Everyone experiences anxiety from time to time. If anxiety regularly affects your activities, then it’s a problem that needs addressing.
There are several types of common anxiety disorders. Early intervention is crucial in any case of illness, including anxiety. So how do you know if your anxiety is normal or a serious problem?
There are a few key areas to consider when measuring your anxiety episodes: stressor, intensity, length, and background.
It’s important to honestly evaluate your anxiety as dependent upon how strong the problem is, and it is likely that you will need external help to alleviate it. Whether help is readily available through self-help or professional assistance, it can make a huge difference in your life.
What Brought on the Anxiety?
Medium-to-large life events (stressors) often come with some nervousness or anxiety. You have an exam, a job interview, a meeting with a potential partner, learning how to drive, and so on. These sorts of anxieties are normal, but important events are also likely to cause some anxiety.
When daily activities (stressors) bring on nervousness or anxiety, this can be problematic. Doing some shopping, cleaning your room, or making a decision about what to eat or wear shouldn’t make you anxious.
How Anxious Do You Get?
Sweaty palms, butterflies in the stomach—it’s difficult to measure feelings, but physical symptoms are real. Nervous feelings that easily pass are in the normal range.
People often describe an anxiety attack as feeling like they can’t breathe, can’t move, and are dying. That’s problematic. You may also have nausea, can’t think clearly, have light-headedness, and/or faint. Repetitive and uncontrollably intrusive negative thoughts are also problematic signs.
How Long Does the Anxiety Last?
Can’t sleep before a medium-to-large event? That’s normal. Maybe you are even nervous for a couple days before the event, but soon afterwards you feel fine again.
Being anxious for weeks (or even months) before a medium-to-large event is problematic. Frequently being anxious about doing daily activities is also problematic.
Avoidance is another key to consider, but again, it is difficult to measure. If you avoid daily activities, skip tests and exams, and don’t go to important appointments or work, these are all problematic signs.
What’s Your Background?
Normal or Problematic Range:
This is where it is especially tricky and important to be honest with yourself. While the causes of anxiety disorders aren’t entirely understood, traumatic events can trigger anxiety in many people.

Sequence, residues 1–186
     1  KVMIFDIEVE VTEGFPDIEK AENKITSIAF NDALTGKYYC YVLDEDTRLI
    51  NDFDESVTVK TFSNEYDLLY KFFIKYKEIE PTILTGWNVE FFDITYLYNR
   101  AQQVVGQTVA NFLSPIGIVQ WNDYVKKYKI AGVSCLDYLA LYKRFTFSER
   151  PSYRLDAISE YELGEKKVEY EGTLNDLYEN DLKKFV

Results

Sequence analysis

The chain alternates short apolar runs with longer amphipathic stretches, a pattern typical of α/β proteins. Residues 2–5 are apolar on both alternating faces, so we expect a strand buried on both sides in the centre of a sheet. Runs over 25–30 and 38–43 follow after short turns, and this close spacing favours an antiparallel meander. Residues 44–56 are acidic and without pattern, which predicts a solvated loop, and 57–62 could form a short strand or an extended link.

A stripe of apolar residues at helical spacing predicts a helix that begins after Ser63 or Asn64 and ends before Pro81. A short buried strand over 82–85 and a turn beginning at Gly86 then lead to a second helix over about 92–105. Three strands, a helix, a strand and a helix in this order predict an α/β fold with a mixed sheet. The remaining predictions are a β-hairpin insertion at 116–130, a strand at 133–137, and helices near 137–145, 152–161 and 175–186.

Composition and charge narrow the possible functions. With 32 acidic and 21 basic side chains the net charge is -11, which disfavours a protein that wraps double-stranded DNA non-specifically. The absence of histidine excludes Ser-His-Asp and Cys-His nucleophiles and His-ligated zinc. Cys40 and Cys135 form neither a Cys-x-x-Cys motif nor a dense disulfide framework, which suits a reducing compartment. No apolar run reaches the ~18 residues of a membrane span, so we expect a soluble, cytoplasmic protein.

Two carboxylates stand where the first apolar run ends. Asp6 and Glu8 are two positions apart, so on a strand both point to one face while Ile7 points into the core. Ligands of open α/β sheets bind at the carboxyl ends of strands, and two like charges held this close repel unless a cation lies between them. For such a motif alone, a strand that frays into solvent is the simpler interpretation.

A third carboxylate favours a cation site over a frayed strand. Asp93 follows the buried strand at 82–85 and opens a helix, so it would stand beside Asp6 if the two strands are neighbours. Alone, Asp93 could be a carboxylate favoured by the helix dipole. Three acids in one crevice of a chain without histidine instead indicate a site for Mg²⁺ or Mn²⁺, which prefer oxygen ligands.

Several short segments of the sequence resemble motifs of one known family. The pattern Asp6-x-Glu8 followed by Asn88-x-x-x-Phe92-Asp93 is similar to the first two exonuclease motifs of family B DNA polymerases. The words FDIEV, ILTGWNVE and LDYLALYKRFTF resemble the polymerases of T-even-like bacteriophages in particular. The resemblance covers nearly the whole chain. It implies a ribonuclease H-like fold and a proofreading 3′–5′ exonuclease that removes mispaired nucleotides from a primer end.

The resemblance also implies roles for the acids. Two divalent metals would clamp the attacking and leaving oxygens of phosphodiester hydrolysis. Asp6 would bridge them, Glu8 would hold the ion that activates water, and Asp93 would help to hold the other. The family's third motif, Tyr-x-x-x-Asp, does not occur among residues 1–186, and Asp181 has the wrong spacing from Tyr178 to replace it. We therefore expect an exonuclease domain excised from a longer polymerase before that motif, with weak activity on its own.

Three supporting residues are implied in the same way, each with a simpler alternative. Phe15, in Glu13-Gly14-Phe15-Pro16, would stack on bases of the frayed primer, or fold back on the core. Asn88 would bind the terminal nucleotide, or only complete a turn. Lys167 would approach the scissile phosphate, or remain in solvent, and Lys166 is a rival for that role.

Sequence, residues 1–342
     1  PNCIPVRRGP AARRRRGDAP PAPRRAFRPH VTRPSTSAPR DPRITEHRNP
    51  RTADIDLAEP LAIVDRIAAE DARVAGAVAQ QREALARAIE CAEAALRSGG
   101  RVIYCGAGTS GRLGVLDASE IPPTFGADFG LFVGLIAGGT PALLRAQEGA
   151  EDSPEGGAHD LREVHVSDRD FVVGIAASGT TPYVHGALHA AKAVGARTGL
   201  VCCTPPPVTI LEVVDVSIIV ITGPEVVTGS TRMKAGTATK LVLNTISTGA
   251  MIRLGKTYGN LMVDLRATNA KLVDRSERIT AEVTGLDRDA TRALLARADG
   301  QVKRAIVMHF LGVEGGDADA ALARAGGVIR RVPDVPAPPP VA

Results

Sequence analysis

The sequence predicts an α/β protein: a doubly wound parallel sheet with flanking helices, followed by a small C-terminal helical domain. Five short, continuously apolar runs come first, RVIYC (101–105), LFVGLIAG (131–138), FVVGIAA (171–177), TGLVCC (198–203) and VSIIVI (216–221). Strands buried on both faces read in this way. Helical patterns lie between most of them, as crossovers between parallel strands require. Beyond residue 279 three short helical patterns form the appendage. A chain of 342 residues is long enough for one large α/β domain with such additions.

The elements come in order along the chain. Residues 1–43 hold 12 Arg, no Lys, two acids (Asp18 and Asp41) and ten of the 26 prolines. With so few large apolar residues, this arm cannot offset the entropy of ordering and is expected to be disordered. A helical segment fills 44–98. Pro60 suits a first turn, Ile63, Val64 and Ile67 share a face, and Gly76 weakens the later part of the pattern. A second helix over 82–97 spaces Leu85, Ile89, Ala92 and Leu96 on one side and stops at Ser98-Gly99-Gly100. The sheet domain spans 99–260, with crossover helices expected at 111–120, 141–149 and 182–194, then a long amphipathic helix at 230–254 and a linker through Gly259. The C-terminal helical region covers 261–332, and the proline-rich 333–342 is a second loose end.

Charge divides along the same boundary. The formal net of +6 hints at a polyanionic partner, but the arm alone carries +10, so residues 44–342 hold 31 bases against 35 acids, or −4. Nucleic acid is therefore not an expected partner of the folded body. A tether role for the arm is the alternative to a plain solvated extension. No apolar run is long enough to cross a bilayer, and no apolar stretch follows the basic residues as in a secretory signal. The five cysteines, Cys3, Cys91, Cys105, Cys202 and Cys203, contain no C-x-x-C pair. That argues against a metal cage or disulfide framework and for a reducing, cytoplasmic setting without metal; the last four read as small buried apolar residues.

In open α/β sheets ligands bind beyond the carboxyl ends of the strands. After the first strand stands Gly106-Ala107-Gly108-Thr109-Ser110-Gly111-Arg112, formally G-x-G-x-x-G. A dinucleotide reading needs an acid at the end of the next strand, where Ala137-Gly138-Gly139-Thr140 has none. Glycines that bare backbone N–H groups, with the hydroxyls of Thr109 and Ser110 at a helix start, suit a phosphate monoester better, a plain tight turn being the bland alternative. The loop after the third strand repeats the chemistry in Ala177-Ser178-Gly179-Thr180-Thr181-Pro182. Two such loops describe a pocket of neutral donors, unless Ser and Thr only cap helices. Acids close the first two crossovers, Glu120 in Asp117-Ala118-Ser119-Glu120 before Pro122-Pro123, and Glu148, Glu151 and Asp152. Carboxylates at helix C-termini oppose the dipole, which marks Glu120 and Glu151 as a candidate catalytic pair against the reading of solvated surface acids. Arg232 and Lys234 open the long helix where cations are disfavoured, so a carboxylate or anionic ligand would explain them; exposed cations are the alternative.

Health issues can also be a trigger. How much trauma have you experienced in your life? Have you had challenging health issues?
So Now What To Do?
If you feel your anxiety is in the “normal range,” you may simply need occasional de-stressing before particular events. But as anxiety disorders are on the rise in these stressful times, you should talk about your anxiety with someone.
Chatting with a friend or loved one about your and their experiences with anxiety may help you feel better.
Talking to a health professional can also provide relief by helping clarify whether or not you have regular levels of anxiety or simply need to adjust your lifestyle before things get worse.
If your leanings are towards the “problematic range,” the sooner you get help, the sooner you will find relief. Anxiety disorders are among the most treatable of emotional disorders; you may just need to consider a few lifestyle changes or learn how to implement useful strategies that a professional health care provider can help you with.
Usamah ibn Sharik narrated that:
“I came to the Prophet (ﷺ) and his companions were sitting as if they had birds on their heads. I saluted and sat down. The desert Arabs then came from here and there. They asked, Messenger of Allah, should we make use of medical treatment? He replied, Make use of medical treatment, for Allah has not made a disease without appointing a remedy for it, with the exception of one disease, namely old age.”Sahih Al-Albani
When anxiety dips into the problematic range, it has become a biological problem that will not simply go away. Many “normal” (though not necessarily healthy) habits will only make your anxiety worse.
Caffeine, poor sleep habits, diet, and/or lack of exercise will all contribute to your anxiety, prolonging your suffering. Please take your anxiety seriously; you were not created to suffer.
This article is from our archives.